Union Workers Build Infrastructure for New U.S. Navy Ship

Union Workers Build Infrastructure for New U.S. Navy Ship

January 4, 2024

FALL MAGAZINE STORY - Read about how union workers are finalizing the renovations on a $300 million shipyard for a new U.S. Navy vessel. To read the full magazine, click HERE.


Fincantieri Marinette Marine, in Marinette, Wisconsin, is currently finishing their $300 million shipyard renovations. The work is being completed in preparation for the contract Fincantieri signed in 2020 to build the new initial Constellation-class frigate, expected to arrive in 2026. The new vessels will be 496 feet in length with a 65-foot beam with an initial cost of nearly $800 million. Each is expected to weigh over 7,200 tons when fully loaded. 

There are never any guarantees when it comes to the US Navy’s shipbuilding contracts due to political changes. However, in May of 2023, the Navy took advantage of Fincantieri’s planned renovations by awarding them a $526 million contract to build a fourth Constellation-class frigate for the U.S. Navy. In total, the contract includes the lead frigate and nine additional ships with a potential cumulative value of $5.5 billion. These ships are designed to be smaller surface combatant vessels capable of conducting anti-air warfare, anti-surface warfare, anti-submarine warfare, and electromagnetic warfare operation. They can be used far out in the ocean or near the shore and alone or in formations. The cornerstones of the four-project renovation includes Building 34 and the largest shiplift in the United States in anticipation of building the Navy’s new Constellation-class multi-mission guided-missile frigates. Building 34, the first of the four improvement projects, hosts two gigantic bays with the largest overhead doors you have ever seen. Building 34 can hold two full frigates inside.

The second major investment by Fincantieri, the shiplift, is under construction. Fincantieri contracted with Signatory Contractor Lunda Construction to build out the infrastructure required to support the lift. The infrastructure to support the lift is no small undertaking. Once completed, the two 500’ long pier structures will consist of over 10,000 yards of concrete and 2 million pounds of rebar all supported on 120 drilled shafts installed into the bedrock below the riverbed. Union carpenters and other building trades are performing all the work which will require over 100,000 man hours to complete.

Perlson Shiplift is the designer contracted to design the state-of-the-art shiplift system. When completed, the shiplift system will be 500 feet long by 82 feet wide and capable of handling vessels of nearly 10,000 tons. There are 12-20 workers working concurrently to construct the required infrastructure. Adam Gerondale, Director of Lunda’s Specialty Services Division, stated, “I am grateful to Fincantieri for the confidence they have instilled in Lunda to provide quality work on such an important project that will accommodate the next generation of U.S. Navy ships. Union workers will build this shiplift in the safest, most efficient manner possible to ensure our nations fleet can safely protect our men and women in the military while protecting our great country.”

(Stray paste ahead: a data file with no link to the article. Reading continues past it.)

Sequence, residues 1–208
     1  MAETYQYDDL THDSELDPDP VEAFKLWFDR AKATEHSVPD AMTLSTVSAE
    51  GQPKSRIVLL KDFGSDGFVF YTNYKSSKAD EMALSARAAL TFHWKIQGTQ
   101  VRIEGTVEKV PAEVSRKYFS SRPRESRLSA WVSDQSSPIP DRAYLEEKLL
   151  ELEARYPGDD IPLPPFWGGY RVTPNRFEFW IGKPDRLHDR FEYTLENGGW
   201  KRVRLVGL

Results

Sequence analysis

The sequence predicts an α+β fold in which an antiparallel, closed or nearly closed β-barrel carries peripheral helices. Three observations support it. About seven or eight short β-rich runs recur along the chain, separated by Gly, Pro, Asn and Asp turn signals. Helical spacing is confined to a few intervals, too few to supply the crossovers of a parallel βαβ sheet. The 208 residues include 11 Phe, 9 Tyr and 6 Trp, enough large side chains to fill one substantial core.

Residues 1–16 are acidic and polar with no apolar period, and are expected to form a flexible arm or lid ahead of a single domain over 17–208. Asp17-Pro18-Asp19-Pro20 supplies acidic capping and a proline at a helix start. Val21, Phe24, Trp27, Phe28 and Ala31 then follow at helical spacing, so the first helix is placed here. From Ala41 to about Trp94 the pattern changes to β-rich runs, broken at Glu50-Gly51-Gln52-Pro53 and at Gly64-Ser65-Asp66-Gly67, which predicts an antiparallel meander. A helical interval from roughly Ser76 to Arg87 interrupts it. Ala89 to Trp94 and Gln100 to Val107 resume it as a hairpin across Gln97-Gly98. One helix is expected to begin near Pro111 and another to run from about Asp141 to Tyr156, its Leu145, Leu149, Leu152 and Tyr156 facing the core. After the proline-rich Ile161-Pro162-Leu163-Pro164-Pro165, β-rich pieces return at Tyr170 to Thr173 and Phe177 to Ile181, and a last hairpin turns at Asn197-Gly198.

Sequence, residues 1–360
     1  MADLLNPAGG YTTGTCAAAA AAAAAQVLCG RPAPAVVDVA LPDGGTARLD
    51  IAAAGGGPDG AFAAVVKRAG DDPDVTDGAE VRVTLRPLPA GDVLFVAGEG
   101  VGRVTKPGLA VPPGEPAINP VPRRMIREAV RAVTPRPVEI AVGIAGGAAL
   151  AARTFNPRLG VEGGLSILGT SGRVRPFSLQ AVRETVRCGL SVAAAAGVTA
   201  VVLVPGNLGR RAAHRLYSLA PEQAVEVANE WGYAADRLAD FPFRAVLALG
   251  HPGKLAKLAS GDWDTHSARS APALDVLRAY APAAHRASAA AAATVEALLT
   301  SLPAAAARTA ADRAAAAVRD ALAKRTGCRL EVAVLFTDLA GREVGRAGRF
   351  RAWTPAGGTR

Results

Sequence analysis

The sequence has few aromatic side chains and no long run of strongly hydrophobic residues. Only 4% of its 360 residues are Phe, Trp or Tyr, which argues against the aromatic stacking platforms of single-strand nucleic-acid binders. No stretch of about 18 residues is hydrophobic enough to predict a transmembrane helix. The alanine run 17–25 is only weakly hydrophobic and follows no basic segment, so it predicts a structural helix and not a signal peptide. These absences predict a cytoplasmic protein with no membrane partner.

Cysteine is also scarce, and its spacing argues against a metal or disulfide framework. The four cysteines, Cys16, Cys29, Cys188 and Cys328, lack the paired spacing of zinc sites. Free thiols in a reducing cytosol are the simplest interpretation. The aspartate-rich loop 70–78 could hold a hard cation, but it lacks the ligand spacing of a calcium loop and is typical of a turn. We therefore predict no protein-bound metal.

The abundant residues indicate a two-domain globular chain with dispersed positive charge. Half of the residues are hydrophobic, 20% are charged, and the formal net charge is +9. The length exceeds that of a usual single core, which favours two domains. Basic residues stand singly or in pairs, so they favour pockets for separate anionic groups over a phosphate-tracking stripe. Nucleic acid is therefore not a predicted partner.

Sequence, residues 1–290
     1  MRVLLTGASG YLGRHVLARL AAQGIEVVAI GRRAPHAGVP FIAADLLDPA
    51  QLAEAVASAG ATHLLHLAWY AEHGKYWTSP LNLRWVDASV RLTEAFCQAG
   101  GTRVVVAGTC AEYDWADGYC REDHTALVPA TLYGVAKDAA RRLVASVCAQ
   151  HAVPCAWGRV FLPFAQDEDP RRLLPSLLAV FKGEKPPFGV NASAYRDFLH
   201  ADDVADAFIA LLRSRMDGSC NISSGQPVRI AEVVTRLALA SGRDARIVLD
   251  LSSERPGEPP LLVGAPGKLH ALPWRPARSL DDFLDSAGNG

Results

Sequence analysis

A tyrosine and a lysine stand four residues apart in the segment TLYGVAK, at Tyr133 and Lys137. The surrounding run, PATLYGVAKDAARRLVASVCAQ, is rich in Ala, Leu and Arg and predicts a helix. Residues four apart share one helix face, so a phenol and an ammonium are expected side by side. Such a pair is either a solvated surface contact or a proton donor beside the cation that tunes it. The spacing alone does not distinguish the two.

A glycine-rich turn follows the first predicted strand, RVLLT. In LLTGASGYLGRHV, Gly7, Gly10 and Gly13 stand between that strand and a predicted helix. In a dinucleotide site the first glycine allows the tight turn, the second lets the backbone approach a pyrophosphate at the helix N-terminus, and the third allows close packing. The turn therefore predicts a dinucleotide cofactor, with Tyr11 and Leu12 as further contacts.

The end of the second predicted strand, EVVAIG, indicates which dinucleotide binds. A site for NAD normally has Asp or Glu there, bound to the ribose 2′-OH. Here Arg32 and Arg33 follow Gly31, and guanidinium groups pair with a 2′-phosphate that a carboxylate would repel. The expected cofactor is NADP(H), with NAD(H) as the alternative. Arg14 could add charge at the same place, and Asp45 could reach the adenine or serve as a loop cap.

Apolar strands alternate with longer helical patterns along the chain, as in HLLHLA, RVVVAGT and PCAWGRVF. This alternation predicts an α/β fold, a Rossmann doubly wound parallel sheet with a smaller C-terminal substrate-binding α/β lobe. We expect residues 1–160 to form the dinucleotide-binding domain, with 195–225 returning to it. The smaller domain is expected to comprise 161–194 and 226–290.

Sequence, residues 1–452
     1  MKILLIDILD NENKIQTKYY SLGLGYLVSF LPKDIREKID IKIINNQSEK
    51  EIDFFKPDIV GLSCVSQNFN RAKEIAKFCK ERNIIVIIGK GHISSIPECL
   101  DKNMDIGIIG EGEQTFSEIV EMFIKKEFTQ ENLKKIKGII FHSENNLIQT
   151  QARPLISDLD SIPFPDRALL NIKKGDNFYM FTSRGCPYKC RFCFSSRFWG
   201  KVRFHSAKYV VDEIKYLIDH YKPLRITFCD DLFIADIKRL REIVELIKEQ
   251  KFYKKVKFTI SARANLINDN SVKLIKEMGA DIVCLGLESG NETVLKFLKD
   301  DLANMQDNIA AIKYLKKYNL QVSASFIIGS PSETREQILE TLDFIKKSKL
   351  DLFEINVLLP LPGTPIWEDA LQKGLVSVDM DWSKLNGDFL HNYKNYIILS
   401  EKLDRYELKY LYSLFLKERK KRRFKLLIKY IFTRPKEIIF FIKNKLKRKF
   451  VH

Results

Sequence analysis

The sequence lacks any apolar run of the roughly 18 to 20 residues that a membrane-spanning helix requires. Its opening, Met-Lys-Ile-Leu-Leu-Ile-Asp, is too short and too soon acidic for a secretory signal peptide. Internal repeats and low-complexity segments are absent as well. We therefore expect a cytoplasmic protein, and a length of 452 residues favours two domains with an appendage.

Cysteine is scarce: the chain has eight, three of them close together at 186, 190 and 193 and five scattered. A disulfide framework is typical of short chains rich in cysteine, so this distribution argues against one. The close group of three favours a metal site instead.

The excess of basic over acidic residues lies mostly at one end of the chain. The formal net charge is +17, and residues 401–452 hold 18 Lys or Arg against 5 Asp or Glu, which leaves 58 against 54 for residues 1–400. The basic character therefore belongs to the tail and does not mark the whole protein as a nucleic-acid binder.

All brand-new frigates will be moved from Building 34 to the newly built shiplift for their initial launch. Previously, the traditional method of launching ships included sliding it down a ramp and allowing it to splash into the Menominee River. Using the traditional method limited the yard in what work could be done prior to a ship’s launch, because the dramatic splash could damage certain components if they were installed while the ship was ashore.

With the new shiplift, the frigates will be able to be outfitted to near completion and tested inside Fincantieri’s climate-controlled facilities before being launched into the Menominee River. The new shiplift ensures the new frigates will receive a stern-first, gentle entry into the water. The shiplift will also give Fincantieri the capability to launch and retrieve larger vessels, which will be produced or repaired in their shipyard.

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Illustration of the shiplift with a Constellation-class frigate.

Without a doubt, the union labor building this shiplift is helping make Fincantieri a world-class shipyard. The U.S. Navy’s increased demands for the longer frigates will be realized because of Fincantieri’s investment. However, without the federal government’s pending military funding for the frigates, union workers may never have had the opportunity to build the largest shiplift in the United States. “We are also thankful for the federal government’s funding for the Navy’s budget and the confidence they placed in Fincantieri’s shipbuilding to trust they would be able to get this shiplift built in time for the launch of the initial Constellation-class frigate,” said Gerondale.